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Perseids

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Perseids
Photo: Sophie DesRosiers

They return year after year, and for many of us, they spell holidays and warm summer nights. But who — or what — are they? The Perseid meteors, of course!

Each year around mid-August, Earth passes close to the orbit of periodic comet 109P/Swift-Tuttle, whose wake is peppered with billions of dust particles that give rise to the famous Perseid meteor shower. However, the quality of the celestial show varies dramatically from year to year, mainly as a function of Earth’s distance from the densest parts of the particle stream, but also as a function of the Moon’s presence.

The Perseids in 2017

2017 won’t be a banner year for the Perseids. First, peak activity for the famous meteor shower will occur in the daytime for North American observers. The peak period will fall on August 12, most likely between 3 and 5:30 p.m., although possibly anytime between 10 a.m. and 10 p.m. according to past observations. The nights of August 11-12 and 12-13 will therefore both be equally far from this peak.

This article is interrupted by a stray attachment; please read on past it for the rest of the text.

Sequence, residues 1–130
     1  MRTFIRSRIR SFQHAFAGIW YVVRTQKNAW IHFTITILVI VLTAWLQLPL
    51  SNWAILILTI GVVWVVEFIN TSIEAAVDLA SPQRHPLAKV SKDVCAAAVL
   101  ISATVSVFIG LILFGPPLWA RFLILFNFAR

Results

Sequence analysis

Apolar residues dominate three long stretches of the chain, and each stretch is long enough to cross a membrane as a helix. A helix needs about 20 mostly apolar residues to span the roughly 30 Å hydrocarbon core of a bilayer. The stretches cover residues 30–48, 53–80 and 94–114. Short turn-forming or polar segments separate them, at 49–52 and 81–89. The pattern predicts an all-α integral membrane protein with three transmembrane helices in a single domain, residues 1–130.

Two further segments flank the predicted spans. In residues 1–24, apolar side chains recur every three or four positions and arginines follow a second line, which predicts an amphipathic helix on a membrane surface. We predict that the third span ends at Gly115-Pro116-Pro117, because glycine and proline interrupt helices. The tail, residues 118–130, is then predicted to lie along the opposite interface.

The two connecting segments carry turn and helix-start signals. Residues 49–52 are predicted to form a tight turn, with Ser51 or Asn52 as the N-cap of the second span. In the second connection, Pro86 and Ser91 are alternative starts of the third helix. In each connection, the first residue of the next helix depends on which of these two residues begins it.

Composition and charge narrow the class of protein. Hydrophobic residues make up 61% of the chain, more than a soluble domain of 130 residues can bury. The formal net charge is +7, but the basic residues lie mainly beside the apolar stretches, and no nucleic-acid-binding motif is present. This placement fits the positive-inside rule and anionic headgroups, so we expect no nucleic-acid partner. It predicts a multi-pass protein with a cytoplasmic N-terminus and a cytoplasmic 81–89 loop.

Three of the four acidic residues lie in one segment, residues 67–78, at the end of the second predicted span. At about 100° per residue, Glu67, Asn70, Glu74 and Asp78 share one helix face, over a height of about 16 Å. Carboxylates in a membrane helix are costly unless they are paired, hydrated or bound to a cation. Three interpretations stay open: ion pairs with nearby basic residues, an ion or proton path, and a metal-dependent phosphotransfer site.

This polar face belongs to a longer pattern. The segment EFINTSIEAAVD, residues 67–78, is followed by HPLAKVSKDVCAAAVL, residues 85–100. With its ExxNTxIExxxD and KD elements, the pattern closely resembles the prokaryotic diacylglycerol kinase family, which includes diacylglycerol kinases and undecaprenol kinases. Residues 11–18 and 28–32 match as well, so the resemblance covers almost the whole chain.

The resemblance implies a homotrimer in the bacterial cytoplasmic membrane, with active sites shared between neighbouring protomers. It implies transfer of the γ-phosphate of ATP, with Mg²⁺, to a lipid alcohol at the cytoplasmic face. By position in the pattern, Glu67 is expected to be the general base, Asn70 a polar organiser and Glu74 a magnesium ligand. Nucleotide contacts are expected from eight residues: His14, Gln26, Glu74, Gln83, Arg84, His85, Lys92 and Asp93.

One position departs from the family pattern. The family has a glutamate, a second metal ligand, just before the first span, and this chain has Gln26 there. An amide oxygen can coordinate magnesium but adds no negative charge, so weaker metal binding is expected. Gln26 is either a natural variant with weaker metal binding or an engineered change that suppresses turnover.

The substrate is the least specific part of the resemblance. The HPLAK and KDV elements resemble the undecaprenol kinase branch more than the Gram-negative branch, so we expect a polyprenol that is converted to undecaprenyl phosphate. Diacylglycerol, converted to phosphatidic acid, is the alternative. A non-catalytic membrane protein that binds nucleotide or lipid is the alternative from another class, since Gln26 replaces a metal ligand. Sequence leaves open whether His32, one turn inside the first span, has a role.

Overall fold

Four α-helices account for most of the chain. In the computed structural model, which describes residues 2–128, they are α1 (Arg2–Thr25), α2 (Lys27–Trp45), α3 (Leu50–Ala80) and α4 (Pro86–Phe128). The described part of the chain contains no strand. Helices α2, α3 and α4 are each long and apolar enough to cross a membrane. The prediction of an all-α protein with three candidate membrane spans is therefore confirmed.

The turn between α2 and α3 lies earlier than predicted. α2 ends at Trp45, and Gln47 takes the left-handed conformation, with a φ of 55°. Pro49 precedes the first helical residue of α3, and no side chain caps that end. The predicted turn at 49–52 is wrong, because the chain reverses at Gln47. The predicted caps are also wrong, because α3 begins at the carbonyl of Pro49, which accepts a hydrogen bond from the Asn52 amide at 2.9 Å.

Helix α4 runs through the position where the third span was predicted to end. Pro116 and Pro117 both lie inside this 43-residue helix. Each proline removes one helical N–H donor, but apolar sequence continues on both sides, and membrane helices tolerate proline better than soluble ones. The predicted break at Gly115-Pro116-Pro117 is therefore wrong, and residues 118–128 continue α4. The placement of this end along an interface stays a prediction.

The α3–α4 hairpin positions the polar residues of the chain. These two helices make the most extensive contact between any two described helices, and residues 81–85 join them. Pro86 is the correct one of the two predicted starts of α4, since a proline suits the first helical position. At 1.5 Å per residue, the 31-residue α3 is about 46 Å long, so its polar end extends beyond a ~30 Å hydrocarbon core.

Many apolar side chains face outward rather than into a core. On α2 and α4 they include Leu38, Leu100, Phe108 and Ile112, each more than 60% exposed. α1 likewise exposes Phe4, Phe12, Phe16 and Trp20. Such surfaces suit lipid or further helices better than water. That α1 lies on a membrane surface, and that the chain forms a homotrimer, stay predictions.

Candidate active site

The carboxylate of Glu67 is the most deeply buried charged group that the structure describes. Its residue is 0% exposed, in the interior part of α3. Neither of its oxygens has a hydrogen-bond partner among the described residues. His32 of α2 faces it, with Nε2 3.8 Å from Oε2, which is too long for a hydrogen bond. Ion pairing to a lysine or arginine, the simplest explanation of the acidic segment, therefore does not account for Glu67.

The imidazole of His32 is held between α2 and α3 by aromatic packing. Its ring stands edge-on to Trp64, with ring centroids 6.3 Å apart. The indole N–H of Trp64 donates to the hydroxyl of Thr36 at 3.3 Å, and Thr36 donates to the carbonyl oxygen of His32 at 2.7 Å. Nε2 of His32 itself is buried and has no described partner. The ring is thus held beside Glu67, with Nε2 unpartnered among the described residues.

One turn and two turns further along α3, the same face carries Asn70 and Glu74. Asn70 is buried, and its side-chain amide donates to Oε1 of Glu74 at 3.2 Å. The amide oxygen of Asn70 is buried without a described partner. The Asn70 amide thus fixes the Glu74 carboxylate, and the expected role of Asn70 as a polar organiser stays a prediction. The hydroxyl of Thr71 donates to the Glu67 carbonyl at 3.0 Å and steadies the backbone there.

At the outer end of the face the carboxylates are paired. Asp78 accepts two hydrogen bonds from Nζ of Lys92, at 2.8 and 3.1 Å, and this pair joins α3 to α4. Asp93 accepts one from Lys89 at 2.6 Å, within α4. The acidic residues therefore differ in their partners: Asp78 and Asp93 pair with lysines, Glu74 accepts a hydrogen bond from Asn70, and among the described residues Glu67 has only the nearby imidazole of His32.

But it’s the waning gibbous Moon (the full Moon is on August 7) that will mask the shooting stars the most. It rises before 11 p.m. and will affect observation conditions in the second half of the night, in fact during the hours when the radiant reaches its optimal height and the Perseids put on their best show. Only the very brightest meteors (which are few in number) will be able to pierce that luminous veil. A short “dark period” will occur after the end of astronomical twilight and before moonrise, but the end of the night will be irremediably compromised by the presence of our natural satellite.

Put together, these adverse factors mean that we shouldn’t expect to observe more than a dozen meteors an hour on the two nights closest to the peak.

Since the Perseids are active from the end of July through the third week of August, it will be possible to observe a few shooting stars from that shower under dark, moonless skies — but one has to expect much lower numbers of meteors when observing farther from the period of peak activity. Prepare your wish list, just in case, and keep it handy!

Astronomical conditions will be much more favourable in 2018, so better luck next year!

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